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Why some Japanese people prefer British customer service!
Pernille Rudlin
May 10, 2010 12:44 AM

I described in my previous article how when a customer in the UK is facing a service sector employee, he or she is usually facing 150 years of social class resentment, a loss of pride in manual labour and no sense that the company that person is working for has any care for employee well being or duty to the customer or society as a whole.   Consequently, it is hard to inspire employees with a strong, positive customer service culture in the UK.

There are some exceptions to this.  The most well known exception is the John Lewis Partnership, which includes the John Lewis department stores and Waitrose supermarket chain.  As the name implies, the company is a partnership, which means that all 69,000 employees are also owners of the company, and are known as “Partners” rather than “employees” or “staff”.  The founder, John Spedan Lewis’ vision was of employee co-ownership with “the happiness of Partners as the ultimate purpose”.   Partners share in the profit of the company through bonuses – in 2007 this was 18% of total salary, for every person regardless of their position in the company.   Five out of thirteen board directors are elected by the staff.

I am sure this company structure explains their ability to maintain high customer service standards and I would like to think it also explains why the company has weathered the current recession pretty well.  The Partners do not feel demeaned by serving people, they believe in what the company is doing and feel they are equal in social status to the customers.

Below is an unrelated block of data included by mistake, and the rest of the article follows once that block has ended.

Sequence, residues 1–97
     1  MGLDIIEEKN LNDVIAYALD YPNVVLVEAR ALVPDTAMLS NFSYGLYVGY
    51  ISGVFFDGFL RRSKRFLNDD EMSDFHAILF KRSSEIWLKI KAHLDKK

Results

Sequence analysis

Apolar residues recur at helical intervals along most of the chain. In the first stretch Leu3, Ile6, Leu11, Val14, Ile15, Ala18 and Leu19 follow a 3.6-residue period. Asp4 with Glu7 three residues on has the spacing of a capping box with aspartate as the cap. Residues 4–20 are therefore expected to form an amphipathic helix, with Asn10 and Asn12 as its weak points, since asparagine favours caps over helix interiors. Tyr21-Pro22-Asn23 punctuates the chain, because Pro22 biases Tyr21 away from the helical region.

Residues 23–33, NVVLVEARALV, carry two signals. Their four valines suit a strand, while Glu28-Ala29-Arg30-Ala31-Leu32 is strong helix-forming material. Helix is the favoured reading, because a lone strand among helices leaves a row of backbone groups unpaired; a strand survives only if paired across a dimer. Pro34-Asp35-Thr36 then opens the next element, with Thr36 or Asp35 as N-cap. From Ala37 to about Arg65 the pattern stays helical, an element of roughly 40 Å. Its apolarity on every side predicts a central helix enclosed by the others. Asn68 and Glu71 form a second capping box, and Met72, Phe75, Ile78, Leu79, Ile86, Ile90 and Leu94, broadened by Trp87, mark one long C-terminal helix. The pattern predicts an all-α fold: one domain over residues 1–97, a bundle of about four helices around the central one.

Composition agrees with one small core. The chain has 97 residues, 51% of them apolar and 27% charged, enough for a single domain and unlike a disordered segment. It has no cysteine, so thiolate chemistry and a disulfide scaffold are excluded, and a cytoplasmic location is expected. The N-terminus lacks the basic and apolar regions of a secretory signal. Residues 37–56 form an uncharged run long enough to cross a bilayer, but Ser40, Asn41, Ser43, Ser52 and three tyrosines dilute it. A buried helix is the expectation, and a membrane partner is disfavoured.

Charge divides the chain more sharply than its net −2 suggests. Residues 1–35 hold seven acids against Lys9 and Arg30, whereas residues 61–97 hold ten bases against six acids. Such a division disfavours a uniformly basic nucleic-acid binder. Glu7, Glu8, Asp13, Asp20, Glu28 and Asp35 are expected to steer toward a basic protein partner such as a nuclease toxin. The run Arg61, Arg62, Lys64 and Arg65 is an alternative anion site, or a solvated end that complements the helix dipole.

It is this inferiority complex that people in UK service sector jobs have that poisons the customer service they provide.  If the customer is able to show that they do not hold themselves superior to the person providing the service, then it is possible to get friendly, if not always competent, service in the UK.

I noticed that when I discussed customer service in the UK with a group of Japanese residents recently, it was the youngest residents, who had been waiters or shop assistants in Japan and in the UK, who felt the most positive about British customer service culture, as they felt they were treated better by British customers than they had been in Japan when they had done similar jobs. 

In Japan, historical Confucian influences mean that there is more acceptance of unequal power relationships and different status in society, without there being any implication that the person with the lower status is somehow a worse human being, worthy of contempt.  It can mean that the person with the lower status is not treated in a very friendly or equal way, however, and is expected to be deferential and respectful.

Along with deference and respect , Confucianism also emphasises performing the correct rituals and observing etiquette, and this has a visibly positive impact on the conduct of customer service. This emphasis on etiquette links up with a “monozukuri” of customer service in Japan which seems to be lacking in the UK, as I will examine in the next article.

This article originally appeared in Japanese in the 17th December 2009 issue of Eikoku News Digest

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